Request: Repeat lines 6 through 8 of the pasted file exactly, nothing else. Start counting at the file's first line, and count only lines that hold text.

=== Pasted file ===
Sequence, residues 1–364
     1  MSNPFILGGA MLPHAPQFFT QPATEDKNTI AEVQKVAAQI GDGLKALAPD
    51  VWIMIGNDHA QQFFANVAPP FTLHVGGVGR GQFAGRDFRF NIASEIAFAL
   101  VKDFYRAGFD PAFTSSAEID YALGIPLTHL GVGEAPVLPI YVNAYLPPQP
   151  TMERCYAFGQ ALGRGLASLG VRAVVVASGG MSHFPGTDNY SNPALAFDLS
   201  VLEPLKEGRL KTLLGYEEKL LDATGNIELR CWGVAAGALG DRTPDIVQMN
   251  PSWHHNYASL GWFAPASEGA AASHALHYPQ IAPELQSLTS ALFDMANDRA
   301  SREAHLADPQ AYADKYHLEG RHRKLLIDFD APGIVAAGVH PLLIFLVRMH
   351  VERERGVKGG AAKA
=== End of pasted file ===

   201  VLEPLKEGRL KTLLGYEEKL LDATGNIELR CWGVAAGALG DRTPDIVQMN
   251  PSWHHNYASL GWFAPASEGA AASHALHYPQ IAPELQSLTS ALFDMANDRA
   301  SREAHLADPQ AYADKYHLEG RHRKLLIDFD APGIVAAGVH PLLIFLVRMH